Bridgestone's customary post-race press release after the Silverstone round of MotoGP offers two items of note. First, pleasure from the Japanese tire company that the tire selection for the race was much more mixed than usual. And secondly, a theory and an excuse for why some of the crashes happened during Sunday morning warm up. The press release appears below:
British MotoGP™ debrief with Masao Azuma
Wednesday 4 September 2013
Bridgestone slick compounds available: Front: Soft & Medium. Rear: Soft, Medium-soft & Medium (Asymmetric)
Bridgestone wet tyre compounds available: Soft (Main), Hard (Alternative)
Yamaha Factory Racing’s Jorge Lorenzo rode one of the races of his career at Silverstone last Sunday to claim a special victory over Repsol Honda’s Marc Marquez and claw back valuable points in his MotoGP™ title defence.
The decision to shift the British Grand Prix from June to August was a masterstroke with the event enjoying fine weather throughout the three days of on-track action. A peak track temperature of 32°C was recorded during the race and tyre choice for the race was varied with all slick options being used and a significant part of the grid lining up on harder rear slick options.
Q&A with Masao Azuma – Chief Engineer, Bridgestone Motorsport Tyre Development Department
The qualifying and race lap records at Silverstone were smashed last weekend. Can you explain this big improvement in the general pace of the MotoGP bikes at this circuit?
“A lot of the improvement had to do with the dry, consistent weather we had over the weekend. This enabled the teams to find a setup that got the most out of the tyres and put it good use when it was needed most. We knew the one-thousand cc MotoGP bikes had the potential to go extremely quick around Silverstone and with our tyre allocation for this race featuring rubber compounds towards the softer end of the scale, the potential for a big reduction lap times was good. However, to see the existing Circuit Best Lap record beaten by almost two seconds in qualifying and the Circuit Record Lap lowered by almost a second in the race was outstanding. It is good to see such pace over a lap but for Bridgestone, we were most pleased with the overall race time which was about twenty-four seconds quicker than last year, representing an improvement of over one second per lap compared to the previous best time. This shows that the high pace was maintained through the race with a minimal degradation of performance over the twenty laps.”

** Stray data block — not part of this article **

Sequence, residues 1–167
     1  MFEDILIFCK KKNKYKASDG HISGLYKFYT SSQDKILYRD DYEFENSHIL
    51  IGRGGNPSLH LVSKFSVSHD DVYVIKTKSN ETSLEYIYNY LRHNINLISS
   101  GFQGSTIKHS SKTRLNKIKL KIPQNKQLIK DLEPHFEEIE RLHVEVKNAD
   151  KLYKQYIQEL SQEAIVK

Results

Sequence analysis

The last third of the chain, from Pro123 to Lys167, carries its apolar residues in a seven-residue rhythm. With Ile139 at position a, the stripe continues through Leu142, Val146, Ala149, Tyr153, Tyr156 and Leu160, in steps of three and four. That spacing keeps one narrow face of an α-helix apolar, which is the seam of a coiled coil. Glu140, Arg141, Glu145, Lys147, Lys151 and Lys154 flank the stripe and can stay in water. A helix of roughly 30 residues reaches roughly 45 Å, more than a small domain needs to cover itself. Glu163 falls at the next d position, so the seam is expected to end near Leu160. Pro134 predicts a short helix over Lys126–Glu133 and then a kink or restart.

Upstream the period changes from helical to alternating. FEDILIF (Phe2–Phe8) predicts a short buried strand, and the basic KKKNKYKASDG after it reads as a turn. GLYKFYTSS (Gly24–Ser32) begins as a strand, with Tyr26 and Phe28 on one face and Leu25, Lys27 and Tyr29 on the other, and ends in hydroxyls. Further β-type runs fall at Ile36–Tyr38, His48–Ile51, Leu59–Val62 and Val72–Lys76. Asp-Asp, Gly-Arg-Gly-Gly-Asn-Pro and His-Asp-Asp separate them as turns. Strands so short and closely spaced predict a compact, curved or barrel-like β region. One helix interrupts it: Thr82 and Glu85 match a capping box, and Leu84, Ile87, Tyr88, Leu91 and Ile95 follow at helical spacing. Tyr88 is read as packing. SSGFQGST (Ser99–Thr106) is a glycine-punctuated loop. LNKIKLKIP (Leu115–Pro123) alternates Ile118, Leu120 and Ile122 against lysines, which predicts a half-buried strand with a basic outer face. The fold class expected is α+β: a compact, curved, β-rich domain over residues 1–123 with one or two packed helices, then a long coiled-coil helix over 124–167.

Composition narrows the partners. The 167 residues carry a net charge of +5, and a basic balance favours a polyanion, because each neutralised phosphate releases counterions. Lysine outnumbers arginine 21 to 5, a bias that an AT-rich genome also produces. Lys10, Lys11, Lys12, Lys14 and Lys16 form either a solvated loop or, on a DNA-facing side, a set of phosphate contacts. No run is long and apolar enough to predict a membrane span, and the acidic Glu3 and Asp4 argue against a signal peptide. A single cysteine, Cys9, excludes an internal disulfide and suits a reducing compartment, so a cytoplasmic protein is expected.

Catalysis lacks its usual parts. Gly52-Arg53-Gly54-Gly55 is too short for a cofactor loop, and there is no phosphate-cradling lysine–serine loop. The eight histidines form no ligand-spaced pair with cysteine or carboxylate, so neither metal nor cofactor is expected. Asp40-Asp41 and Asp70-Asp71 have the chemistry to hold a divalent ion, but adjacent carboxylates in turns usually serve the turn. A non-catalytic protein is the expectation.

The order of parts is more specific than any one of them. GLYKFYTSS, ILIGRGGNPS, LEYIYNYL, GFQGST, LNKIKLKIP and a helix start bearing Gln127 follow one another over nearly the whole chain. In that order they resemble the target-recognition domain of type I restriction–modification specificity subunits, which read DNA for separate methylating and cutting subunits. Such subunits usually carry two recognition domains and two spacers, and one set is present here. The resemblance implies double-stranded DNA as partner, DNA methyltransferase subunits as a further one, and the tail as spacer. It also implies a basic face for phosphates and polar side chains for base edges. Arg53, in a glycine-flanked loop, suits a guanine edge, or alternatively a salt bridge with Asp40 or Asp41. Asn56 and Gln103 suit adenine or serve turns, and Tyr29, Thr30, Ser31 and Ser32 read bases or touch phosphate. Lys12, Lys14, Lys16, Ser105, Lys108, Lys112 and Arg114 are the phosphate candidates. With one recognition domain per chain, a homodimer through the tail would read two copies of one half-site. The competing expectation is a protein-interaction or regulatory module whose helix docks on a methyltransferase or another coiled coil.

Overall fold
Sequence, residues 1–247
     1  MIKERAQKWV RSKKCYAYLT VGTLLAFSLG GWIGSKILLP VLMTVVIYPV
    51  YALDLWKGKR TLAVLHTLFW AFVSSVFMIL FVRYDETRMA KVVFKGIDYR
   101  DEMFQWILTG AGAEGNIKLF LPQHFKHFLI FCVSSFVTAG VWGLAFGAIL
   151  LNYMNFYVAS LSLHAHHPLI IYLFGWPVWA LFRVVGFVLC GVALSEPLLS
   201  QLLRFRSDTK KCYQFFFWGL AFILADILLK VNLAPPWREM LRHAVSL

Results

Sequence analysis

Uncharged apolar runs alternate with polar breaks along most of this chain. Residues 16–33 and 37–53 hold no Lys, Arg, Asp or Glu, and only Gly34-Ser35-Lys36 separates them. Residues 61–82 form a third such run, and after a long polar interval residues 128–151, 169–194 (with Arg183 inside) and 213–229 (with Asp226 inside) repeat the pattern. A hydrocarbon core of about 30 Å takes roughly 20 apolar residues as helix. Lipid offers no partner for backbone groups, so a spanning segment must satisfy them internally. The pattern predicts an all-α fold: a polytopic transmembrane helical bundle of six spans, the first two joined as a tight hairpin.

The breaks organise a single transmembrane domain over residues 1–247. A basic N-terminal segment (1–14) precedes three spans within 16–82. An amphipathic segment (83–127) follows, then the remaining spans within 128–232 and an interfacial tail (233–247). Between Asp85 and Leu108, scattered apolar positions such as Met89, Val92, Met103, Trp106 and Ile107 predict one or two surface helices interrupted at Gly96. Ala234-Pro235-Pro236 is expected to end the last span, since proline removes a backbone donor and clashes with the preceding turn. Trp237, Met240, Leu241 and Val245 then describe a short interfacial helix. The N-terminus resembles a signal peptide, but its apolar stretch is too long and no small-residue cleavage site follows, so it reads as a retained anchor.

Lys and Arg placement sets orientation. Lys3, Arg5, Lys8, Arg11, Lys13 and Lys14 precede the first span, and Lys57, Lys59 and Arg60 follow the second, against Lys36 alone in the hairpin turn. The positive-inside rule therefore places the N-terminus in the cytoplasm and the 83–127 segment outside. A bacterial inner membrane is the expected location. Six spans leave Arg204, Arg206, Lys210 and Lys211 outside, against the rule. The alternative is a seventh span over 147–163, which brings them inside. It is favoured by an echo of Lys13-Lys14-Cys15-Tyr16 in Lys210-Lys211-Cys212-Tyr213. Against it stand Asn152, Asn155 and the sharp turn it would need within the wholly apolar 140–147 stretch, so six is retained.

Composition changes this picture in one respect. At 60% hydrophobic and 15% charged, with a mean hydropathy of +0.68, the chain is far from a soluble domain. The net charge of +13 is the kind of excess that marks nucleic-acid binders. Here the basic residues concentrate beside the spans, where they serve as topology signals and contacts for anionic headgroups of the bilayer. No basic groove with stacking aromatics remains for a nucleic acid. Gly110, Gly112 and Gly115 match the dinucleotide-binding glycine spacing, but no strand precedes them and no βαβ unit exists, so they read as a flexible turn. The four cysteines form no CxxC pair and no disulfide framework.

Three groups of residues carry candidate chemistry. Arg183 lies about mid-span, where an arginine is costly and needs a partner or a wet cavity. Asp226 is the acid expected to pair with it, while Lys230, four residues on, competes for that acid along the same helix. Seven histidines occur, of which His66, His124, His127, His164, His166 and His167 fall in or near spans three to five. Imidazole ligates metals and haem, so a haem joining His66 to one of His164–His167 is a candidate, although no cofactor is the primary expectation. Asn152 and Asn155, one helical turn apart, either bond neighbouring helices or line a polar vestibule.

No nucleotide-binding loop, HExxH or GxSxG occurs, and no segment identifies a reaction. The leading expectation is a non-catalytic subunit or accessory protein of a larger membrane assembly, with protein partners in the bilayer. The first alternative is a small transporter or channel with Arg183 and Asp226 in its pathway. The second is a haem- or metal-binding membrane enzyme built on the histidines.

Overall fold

There was a lot of variation in tyre choice for the race, both for the front and the rear. Can you explain what it is about Silverstone and the tyre allocation for this race that caused this?
“The rear tyre allocation for Silverstone is like the circuit, quite unique in that for the works riders we use the same, medium rubber compound on the ‘harder’ shoulder, which is the shoulder that is placed under the most stress while cornering which for this circuit is the right shoulder. We do this because our data indicates that the stress placed on the right shoulder is not so severe, so we don’t need to go harder than the medium compound on that shoulder. However, our asymmetric slicks need to ensure good temperature retention and warm-up performance on the lesser used ‘softer’ shoulder, which at Silverstone is the left side, so we use softer rubber compounds on that shoulder. So even the hardest option rear slick at Silverstone featured the medium rubber compound and as this compound has proved very popular this season. Another important factor was that all the afternoon sessions featured the same weather conditions and we had no rain. We have had a few instances this season where the harder rear slicks have been used in the afternoon practice sessions, only for conditions for the race being cooler, which has dissuaded the riders from selecting the harder rear slicks.”
The number of incidents seemed to increase in the morning sessions. Was this just because of the cool weather or were there other factors at play?
“Cooler temperatures always create more challenging conditions, there is no doubt about that but Bridgestone has made a big effort in recent seasons to improve both the warm-up performance and feel of our tyres to reduce risk in cooler temperatures. On Friday, MotoGP was the only class not to have any crashes in the morning session and on Sunday morning, three of the five crashes happened at Vale which features a small dip which can unsettle the front of the bike in what is quite an extreme braking zone. This point of the track has always been challenging for the riders, and the cold weather exacerbated the situation. As always we will examine rider feedback, tyre and telemetry data to see if changes need to be made for the future, but with the harsh braking zones at Silverstone if you go too soft with the compound selection, braking stability can become an issue. Front tyre selection at Silverstone is always a juggling act, and I believe we got the balance right but there is no denying that in cool conditions, parts of the Silverstone circuit will always be difficult for riders to manage.”